Review: F. Leote – Colagens (Panama Papers, Jan 2)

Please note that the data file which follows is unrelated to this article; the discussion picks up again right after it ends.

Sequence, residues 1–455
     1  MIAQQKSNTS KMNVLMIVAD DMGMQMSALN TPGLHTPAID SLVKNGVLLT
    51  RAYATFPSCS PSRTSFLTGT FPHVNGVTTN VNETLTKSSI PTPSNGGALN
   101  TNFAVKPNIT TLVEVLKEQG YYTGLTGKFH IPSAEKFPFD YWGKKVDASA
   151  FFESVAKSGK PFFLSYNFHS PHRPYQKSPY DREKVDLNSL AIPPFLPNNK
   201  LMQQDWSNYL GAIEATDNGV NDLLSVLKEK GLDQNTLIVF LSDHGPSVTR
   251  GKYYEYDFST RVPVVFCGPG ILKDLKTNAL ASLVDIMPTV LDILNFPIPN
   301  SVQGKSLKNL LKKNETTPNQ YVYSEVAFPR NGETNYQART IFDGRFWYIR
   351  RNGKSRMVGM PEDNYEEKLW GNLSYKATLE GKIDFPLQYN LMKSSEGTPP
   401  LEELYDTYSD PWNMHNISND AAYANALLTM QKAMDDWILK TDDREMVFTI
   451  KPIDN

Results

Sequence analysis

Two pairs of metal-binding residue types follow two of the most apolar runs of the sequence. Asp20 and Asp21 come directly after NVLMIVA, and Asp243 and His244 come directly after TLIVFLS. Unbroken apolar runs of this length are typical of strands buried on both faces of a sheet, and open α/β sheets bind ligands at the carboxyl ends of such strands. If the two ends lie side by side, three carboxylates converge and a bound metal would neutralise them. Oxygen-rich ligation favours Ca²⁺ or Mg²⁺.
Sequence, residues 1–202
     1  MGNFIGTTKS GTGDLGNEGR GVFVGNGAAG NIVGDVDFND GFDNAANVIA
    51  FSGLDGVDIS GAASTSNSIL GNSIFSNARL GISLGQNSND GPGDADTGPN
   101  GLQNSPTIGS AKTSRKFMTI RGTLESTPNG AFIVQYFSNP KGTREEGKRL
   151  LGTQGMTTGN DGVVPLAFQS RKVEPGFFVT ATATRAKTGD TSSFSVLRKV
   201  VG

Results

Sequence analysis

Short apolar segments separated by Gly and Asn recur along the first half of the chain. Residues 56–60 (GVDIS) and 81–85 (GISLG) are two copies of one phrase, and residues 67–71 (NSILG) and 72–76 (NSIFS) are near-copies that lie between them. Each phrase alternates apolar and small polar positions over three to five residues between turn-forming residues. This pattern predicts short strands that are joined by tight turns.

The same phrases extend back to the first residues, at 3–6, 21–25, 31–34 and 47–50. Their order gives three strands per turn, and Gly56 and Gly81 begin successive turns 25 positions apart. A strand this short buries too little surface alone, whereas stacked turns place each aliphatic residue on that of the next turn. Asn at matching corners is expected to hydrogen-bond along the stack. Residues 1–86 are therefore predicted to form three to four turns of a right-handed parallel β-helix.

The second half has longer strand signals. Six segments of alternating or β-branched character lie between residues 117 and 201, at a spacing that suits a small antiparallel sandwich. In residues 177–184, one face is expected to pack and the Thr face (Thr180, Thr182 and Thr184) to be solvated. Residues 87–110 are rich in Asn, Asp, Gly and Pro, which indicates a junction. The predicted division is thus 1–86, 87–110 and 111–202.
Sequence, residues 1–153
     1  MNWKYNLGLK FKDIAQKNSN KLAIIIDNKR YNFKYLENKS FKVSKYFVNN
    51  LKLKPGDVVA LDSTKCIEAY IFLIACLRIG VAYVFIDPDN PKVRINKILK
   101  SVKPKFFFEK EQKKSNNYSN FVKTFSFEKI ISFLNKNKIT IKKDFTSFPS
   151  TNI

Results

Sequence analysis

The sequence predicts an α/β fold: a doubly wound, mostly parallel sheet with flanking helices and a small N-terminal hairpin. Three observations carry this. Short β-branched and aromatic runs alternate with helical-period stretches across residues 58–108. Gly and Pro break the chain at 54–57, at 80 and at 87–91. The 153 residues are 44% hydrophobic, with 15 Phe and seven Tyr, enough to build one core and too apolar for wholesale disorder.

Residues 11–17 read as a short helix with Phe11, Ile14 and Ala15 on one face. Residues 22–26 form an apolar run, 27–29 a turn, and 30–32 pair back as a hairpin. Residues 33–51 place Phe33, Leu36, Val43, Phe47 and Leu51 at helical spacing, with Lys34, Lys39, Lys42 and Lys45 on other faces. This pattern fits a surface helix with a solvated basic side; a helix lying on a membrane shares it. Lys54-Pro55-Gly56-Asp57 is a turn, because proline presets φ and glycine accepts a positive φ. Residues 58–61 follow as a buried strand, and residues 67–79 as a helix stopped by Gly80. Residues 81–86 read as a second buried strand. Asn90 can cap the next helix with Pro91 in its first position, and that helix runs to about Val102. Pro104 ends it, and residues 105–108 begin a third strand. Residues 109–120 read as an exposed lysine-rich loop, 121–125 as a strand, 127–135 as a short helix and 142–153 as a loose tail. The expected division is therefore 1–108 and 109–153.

A particularly unruly gaggle of radios set up for a performance of a Cage piece acquire group-sentience and produce a “composition” of their own in Colagens, a rare new entry in the solo catalog of Portuguese artist and curator Filipe Leote. The music is pristinely rendered in full digital clarity, and yet this still very much feels like something contemporary-in-spirit with the most eclectic of the mail-art titans (indeed, other adventures in the same vein can be found in Gen Ken Montgomery’s recent Unknown Destination). After the brief opening fanfare of “Jingle,” Leote draws us into an enrapturing, narrative collage of everything from detailed car-horn symphonies and dense pseudo-concrète melanges to disaster alarm systems layered alongside irreverent synth-punk and speeches. At the risk of making too many comparisons—though the rich, indiscriminate approach taken here seems to engender such things—“Revolução Industrial” is very Negativland in its deliberate yet abstract pace and blurring of contrast and homogeneity. But, thankfully, that’s not limited to just that track; “Meddley” features even more unholy juxtapositions and a stretch of porno moan speed-switching that would make even Joseph Hammer blush, while “XTC” unfolds like a radio play of a carnivalesque apocalypse, all ominous rushing winds and helicopter blades and maniacal delirium and other assorted bits of chaos. By the end you’ll feel like you’ve walked a thousand miles, but perhaps (probably) only in a circle. Colagens is what we’ll hear when we finally spiral as far down as we can go.

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